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Gamble for money, but casino workers gamble with their health!

by Medindia Content Team on  April 2, 2006 at 2:45 PM Lifestyle News   - G J E 4
Gamble for money, but casino workers gamble with their health!
Casinos are places to win and lose; money; of course but a new report suggests that staff in casinos are gambling their health. The reason is attributed to long hours and poor conditions.
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The survey was done on the state of casino working conditions by the GMB union. This comes when Glasgow prepares to bid for a licence to operate a Las Vegas-style super-casino.

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According to the report, working conditions are such that three-quarters of the croupiers at the city's five casinos suffer back and neck problems, while a fifth suffer from carpal tunnel syndrome, a form of repetitive strain injury that results in numbness and tingling in their hands due to excessive pressure on nerves.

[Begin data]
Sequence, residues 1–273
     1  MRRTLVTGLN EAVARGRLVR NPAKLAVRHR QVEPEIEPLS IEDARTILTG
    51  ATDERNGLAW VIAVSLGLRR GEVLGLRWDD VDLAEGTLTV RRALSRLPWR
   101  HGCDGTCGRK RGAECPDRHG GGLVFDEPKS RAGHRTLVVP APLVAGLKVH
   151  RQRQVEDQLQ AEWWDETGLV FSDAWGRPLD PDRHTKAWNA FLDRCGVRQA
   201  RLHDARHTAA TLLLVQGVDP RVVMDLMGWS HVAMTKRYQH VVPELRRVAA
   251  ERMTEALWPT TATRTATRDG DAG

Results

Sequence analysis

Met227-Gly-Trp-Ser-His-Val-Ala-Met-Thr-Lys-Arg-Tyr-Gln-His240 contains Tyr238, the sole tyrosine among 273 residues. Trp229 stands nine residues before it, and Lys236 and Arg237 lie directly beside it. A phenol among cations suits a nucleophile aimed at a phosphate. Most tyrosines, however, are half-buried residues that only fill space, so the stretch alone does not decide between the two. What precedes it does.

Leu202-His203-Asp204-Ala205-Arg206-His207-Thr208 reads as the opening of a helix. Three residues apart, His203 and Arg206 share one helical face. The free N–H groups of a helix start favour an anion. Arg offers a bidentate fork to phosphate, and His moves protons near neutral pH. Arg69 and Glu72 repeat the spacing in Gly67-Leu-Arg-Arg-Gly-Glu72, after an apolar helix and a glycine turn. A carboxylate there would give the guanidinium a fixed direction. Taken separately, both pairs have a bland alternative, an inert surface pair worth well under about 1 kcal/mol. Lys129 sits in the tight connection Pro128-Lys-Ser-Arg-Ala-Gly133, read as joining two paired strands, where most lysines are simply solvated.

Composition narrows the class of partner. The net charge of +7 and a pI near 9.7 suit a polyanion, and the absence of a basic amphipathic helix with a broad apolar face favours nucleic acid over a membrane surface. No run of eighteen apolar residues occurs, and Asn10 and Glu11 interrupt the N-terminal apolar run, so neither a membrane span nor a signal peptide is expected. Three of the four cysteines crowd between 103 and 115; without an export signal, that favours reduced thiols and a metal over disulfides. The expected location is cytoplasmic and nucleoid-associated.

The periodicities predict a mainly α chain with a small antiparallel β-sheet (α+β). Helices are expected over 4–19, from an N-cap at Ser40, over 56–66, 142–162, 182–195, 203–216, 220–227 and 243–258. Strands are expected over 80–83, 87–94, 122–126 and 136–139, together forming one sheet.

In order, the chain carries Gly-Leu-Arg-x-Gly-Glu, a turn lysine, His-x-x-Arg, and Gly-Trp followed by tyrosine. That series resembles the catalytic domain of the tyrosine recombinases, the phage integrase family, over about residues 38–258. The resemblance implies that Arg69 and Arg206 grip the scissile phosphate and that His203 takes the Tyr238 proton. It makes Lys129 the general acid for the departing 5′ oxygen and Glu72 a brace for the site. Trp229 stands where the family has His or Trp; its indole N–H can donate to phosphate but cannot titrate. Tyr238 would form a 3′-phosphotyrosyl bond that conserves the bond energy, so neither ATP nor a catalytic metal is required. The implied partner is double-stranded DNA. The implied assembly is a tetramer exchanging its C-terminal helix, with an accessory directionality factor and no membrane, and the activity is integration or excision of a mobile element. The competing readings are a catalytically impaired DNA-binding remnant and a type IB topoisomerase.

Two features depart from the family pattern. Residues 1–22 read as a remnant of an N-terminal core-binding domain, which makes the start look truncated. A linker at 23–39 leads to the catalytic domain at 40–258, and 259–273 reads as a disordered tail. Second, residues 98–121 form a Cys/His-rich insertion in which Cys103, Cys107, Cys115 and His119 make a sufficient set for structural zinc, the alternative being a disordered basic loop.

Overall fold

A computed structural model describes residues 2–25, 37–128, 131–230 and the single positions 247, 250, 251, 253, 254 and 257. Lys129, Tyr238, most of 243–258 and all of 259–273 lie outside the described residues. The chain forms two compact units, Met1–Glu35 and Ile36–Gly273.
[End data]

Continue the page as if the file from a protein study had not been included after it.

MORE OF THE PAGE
Chronic fatigue and sleep disturbance from working excessive late hours was reported in 80% of the workers.

The worse part is that managers allow big-spending players to abuse and threaten workers, racial harassment cases have also doubled over the past three years, with two out of five female staff surveyed saying they had been sexually harassed.

In the words of Richard Leonard, GMB's Glasgow organiser for casino workers: "Casinos are seen as glamorous, but the view from the inside is radically different. It's time operators worked with government and the trade unions and cleaned up their act. If they do not they will see not only poorly motivated workers, but hefty damages claims too. The biggest response by far to our study came from Glasgow, which is another reason why we hope this sector gets its house in order before the government decides where Britain's first super-sized casino is to be based."

As a respite measure GMB wants casino operators to introduce a zero-tolerance policy for all customers who are abusive or threatening to staff. It also wants 12-hour shifts scrapped, and regular and longer rest breaks.

As per an industry source, highly surprised at the findings, said: "Generally, casinos have a very tight security policy, particularly when it comes to who they let through the door in the first place."

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